Smart Subsidy for Sustainable Microfinance

This article begins by noting that worries about the dangers of excessive subsidisation have driven microfinance conversations since the 1980s. It suggests that from this time the goal of serving the poor has been twinned with the goal of long-term financial self-sufficiency on the part of microbanks.

The starting point for the article in considering smart subsidies is recognising that the same forces driving efficient outcomes in free markets – i.e. hard budget constraints, clear bottom lines, and competitive pressure – can also be deployed in contexts with subsidies. Furthermore, it argues that if deployed well, there are circumstances in which subsidies can increase the scale of microfinance outreach, access to commercial finance, and depth of outreach to the poor. At the same time, however, the article does highlight that over reliance on subsidies and poorly designed subsidies can limit scale and undermine incentives critical to building strong institutions. The concept of a “smart subsidy” stems from the proposition that subsidies are neither inherently useful nor inherently flawed. The article states that a smart subsidy maximises social benefits while minimising distortions and poor targeting.

The article begins by setting out three reasons for an opening to broader deployments of subsidies. Firstly, it notes that use of subsidies remains an ongoing part of the financial strategies of many microfinance institutions (MFIs). Secondly, it points to the argument that subsidisation is unlikely to end soon. Finally, the article sets out a number of analytical concerns. The discussion then moves on to suggest that smart subsidies should “crowd in” funding from donors rather than “crowd out”.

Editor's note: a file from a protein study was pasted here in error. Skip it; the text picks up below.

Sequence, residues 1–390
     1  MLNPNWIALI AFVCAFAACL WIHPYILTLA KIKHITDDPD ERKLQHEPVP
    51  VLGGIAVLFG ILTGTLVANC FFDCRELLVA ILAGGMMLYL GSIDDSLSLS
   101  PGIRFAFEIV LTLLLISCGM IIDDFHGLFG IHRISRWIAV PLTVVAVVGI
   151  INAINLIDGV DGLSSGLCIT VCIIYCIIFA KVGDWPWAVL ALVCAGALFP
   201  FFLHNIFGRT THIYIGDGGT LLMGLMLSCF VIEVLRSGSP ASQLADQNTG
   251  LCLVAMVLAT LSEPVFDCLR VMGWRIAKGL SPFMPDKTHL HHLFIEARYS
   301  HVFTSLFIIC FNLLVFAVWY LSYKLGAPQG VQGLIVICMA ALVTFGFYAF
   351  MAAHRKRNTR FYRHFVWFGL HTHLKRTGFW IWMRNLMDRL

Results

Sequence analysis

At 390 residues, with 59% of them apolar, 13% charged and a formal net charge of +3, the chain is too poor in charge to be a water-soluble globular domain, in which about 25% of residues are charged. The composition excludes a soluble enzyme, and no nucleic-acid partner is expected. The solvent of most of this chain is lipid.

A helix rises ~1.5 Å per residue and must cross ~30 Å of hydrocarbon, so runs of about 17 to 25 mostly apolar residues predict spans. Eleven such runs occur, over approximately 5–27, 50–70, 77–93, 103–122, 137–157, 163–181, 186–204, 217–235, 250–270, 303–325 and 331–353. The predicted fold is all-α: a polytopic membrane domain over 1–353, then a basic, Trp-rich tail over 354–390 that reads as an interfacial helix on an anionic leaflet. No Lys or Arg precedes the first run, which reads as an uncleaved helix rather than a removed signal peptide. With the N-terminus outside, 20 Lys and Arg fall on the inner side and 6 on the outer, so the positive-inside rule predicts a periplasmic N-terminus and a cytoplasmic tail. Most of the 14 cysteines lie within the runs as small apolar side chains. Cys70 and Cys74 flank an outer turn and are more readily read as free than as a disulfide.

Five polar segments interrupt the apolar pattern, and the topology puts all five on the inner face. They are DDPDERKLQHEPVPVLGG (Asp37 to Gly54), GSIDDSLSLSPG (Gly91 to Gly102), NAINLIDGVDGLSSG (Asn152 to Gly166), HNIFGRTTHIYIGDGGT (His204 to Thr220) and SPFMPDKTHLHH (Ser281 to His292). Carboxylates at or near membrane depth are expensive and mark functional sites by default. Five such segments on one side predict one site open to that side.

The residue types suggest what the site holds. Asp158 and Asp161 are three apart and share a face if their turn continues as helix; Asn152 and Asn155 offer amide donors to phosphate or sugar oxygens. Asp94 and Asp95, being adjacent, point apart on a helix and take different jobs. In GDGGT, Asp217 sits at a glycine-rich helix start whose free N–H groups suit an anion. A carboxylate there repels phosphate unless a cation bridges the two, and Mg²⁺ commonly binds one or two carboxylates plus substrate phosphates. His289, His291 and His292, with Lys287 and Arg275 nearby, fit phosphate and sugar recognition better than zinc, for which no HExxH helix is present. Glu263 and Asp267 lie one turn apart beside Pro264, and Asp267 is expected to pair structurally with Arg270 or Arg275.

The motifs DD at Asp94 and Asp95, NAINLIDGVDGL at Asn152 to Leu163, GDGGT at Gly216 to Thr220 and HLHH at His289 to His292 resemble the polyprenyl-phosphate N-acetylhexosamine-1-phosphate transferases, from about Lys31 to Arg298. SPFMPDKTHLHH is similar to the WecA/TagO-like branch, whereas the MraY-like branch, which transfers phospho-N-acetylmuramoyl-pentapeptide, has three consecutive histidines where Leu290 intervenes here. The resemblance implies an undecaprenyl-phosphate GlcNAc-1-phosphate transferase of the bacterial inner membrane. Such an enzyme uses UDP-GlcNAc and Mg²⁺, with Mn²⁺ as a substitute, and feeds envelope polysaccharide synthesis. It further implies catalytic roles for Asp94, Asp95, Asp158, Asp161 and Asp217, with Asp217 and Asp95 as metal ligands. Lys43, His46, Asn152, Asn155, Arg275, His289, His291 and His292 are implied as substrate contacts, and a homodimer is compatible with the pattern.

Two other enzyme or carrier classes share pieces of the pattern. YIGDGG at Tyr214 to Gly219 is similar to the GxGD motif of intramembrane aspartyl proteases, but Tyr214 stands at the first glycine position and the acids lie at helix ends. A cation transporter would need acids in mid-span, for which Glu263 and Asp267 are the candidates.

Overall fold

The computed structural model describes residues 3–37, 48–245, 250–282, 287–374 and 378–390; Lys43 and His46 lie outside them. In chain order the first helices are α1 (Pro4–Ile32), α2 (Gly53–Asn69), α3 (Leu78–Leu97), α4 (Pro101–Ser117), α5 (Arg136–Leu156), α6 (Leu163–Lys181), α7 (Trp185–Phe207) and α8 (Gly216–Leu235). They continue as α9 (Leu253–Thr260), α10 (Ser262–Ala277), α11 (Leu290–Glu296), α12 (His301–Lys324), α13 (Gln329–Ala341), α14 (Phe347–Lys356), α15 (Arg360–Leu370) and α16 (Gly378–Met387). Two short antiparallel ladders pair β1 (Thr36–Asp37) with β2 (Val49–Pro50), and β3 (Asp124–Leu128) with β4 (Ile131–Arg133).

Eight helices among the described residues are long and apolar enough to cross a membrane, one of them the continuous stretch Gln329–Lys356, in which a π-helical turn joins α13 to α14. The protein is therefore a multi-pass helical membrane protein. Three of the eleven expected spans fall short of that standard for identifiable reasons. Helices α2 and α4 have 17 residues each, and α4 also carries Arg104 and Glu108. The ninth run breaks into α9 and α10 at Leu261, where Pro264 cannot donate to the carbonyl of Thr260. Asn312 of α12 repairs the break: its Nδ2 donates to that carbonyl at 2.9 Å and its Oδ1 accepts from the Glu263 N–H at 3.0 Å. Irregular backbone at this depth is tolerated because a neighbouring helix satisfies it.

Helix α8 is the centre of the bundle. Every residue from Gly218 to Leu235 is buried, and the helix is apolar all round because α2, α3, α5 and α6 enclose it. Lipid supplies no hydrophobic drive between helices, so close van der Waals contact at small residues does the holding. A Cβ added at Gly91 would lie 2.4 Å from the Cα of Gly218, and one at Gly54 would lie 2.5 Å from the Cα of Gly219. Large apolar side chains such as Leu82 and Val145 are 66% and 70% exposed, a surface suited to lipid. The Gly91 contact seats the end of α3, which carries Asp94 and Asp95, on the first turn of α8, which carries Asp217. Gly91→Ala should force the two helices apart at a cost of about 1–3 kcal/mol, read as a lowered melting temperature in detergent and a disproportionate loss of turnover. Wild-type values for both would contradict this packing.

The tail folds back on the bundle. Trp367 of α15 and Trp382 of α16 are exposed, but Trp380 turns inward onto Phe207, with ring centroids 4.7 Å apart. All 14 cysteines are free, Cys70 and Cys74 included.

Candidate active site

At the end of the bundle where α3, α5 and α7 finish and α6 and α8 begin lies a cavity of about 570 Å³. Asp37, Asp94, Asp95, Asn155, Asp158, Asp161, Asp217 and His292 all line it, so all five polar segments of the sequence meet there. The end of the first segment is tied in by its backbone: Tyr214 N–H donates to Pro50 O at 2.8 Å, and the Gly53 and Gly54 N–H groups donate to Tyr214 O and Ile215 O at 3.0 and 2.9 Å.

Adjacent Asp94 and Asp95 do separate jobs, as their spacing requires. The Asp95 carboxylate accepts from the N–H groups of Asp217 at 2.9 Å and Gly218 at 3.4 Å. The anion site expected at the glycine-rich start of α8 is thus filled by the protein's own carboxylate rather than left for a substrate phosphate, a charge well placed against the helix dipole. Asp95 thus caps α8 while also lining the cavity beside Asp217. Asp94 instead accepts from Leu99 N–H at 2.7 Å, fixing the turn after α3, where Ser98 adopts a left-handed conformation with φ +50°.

The article also considers the importance of subsidies in the start-up phase, both for institutions as well as for customers. For institutions, the article presents the argument that start-up subsidies have the relative advantage of being for a limited time-period and relatively transparent, thus reducing the fear of dependency. However, the paper does also put forward the case that the notion of a “start-up” subsidy could be expanded to incorporate major expansions. From the customers perspective, the article points to the example of BRAC (in Bangladesh) subsidising potential clients, through its Income Generation for Vulnerable Group Development (IGVGD) program, who were not yet ready to borrow from microlenders at “market” interest rates.

The conclusion stresses that in general, subsidies should be time-limited and rule-bound. It also notes though that if smart subsidies are deployed in the hope of producing demonstrable social impacts, those impacts should be measured using rigorous statistical analyses.

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